Assistant Professor Praveen Kumar, PhD, who joined the BCSSW faculty this past September, works at the intersection of environmental inequities, poverty, and global health. In this Q&A, Kumar discusses his diverse background working across consulting, engineering, and social work; his transdisciplinary approach to research projects; and his expectations for teaching and inquiry at Boston College.
Thanks for taking the time to speak with us today, Professor Kumar, and welcome to Boston College. You have a very interesting professional background. Let’s begin with some insight into why you decided to pursue a PhD in social work in the first place.
Praveen Kumar: It’s true that I have a diverse background. I have a bachelor’s degree in engineering, and then I completed a master’s in social entrepreneurship and management. Following my master’s I worked as a management consultant for KPMG. Most of my clients at KPMG were international development organizations like USAID, DFID (UK), the UN agencies, the Stockholm Environment Institute, and the World Bank, to name a few. I also worked with the governments of India, Nepal, and Bangladesh, and few African nations as well. So I have been in the international development sector for quite some time.
While I was advising these organizations, it quickly became evident that the work I was doing would be greatly complemented by pursing a research-based endeavor, and this prompted me to get a PhD. The Brown School, of course, has one of the best international PhD programs, and its research program is transdisciplinary in nature. My own research area cuts across environmental health, poverty, and global health, so the program at the Brown School was a perfect fit. While there, I was able to work closely with both the engineering and medical schools on research projects. I’m looking forward to forging similar relationships with faculty members from the various schools here at Boston College, too.
(Check out this video to see Kumar present on a research project that engaged Washington University’s social work, engineering, and medical schools. Kumar worked with BCSSW Dean Gautam Yadama, formerly a professor at the Brown School, to deploy cookstoves in rural India.)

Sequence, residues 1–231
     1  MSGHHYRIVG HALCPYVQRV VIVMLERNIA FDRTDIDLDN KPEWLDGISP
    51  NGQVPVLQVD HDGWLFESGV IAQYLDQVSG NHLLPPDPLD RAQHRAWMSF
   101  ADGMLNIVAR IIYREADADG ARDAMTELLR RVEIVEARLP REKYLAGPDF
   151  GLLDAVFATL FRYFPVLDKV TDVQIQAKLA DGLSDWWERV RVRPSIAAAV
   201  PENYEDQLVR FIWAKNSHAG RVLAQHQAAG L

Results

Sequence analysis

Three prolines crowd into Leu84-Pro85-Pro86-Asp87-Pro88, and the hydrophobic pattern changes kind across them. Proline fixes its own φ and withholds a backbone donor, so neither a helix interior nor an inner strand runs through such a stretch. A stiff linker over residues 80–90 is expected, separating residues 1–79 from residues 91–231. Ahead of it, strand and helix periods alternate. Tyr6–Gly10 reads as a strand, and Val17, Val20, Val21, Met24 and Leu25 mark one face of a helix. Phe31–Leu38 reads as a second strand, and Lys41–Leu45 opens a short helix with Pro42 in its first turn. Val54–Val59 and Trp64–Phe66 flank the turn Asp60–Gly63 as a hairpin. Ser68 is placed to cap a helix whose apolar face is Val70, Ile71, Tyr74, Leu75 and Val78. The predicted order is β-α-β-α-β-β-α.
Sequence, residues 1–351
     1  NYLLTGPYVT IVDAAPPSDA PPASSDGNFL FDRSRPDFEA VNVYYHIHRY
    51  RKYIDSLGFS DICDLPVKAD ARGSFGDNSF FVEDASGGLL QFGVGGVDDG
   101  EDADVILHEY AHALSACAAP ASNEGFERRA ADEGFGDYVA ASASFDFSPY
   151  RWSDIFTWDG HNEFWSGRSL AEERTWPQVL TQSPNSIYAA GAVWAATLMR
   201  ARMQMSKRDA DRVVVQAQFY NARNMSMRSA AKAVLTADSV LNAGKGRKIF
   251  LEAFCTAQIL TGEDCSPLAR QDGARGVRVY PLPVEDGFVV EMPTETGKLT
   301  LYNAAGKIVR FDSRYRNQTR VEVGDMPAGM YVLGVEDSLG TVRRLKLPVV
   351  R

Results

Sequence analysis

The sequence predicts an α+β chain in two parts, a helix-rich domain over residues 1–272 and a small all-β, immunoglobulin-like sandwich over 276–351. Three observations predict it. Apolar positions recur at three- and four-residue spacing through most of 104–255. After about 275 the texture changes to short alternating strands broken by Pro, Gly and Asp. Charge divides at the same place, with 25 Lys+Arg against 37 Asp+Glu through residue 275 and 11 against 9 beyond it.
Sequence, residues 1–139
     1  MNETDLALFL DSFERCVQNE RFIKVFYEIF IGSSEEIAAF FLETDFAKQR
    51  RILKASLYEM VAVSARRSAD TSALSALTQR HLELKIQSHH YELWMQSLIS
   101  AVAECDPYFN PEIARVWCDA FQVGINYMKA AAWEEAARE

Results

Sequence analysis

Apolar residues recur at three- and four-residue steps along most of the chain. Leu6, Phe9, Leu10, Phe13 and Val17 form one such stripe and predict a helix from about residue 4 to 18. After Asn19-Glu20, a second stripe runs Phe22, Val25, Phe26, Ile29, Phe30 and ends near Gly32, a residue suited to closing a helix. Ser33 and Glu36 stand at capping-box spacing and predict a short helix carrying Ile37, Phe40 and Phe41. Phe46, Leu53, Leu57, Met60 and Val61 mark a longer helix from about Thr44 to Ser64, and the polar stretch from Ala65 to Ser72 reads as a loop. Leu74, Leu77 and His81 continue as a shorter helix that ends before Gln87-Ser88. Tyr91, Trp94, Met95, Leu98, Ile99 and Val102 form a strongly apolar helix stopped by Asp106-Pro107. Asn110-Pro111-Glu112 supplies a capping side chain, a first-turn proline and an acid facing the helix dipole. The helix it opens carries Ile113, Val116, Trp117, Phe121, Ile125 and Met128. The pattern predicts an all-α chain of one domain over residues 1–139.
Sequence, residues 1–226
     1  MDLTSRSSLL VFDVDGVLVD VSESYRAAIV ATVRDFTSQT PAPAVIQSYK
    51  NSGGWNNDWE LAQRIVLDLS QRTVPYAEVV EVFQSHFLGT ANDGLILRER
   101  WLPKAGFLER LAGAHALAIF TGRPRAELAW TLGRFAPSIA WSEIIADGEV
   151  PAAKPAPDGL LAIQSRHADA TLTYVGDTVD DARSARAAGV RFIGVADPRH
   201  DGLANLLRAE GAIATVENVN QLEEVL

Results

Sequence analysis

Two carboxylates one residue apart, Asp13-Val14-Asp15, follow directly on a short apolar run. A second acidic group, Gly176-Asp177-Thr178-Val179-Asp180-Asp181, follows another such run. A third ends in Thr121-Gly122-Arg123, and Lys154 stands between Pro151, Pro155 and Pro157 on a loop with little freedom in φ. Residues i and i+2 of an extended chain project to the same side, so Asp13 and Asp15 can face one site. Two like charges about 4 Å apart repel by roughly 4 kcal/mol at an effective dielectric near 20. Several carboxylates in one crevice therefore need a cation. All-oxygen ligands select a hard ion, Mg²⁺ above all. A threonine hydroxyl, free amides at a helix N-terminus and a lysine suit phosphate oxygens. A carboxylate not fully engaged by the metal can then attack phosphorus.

Talk more about how you envision taking advantage of similar transdisciplinary opportunities here at Boston College.
PK: I’m off and running with regards to my research—currently I’m co-investigator on an NIH-funded grant where BC School of Social Work is working with Harvard Medical School and the Johns Hopkins School of Environmental Sciences, examining the household organization factors and network drivers which led to the adoption of cleaner cooking fuels in India. Another project that I’m leading is studying the effects of the distribution of solar lamps in rural India—we’ve signed a Memorandum of Understanding with the Indian Institute of Technology Bombay (IITB) to work on this project. It’s exciting to be able to work across disciplines to solve a massive problem like poverty on the Subcontinent: The engineering team at IITB is coming together with BCSSW in order to understand the educational, economic, and social impacts of the dissemination of these solar lamps.
I’m really excited, too, about the possibilities for the Schiller Institute for Integrated Science and Society. This institute itself is a physical manifestation of how BC as a university is moving ahead in integrating the natural sciences with social sciences for the larger good. A number of faculty members from this school and others at BC will play a large role in this institute, and I am lreally looking forward to be a part of this.
Much of your research is based in systems sciences. Give us a brief overview of this innovative methodology for addressing social problems.
PK: Systems sciences gets at the complexity of solving problems that are not linear in nature. A lot of times, people, even researchers, see cause and effect as a linear relationship. For example, if I disseminate solar lamps to the rural poor in India, I can expect to see an educational improvement in kids. But in our complex world, more often than not, things are not linear. There are different systems and subsystems within a community that interact with each other to produce impact. These dynamic subsystems must be taken into account.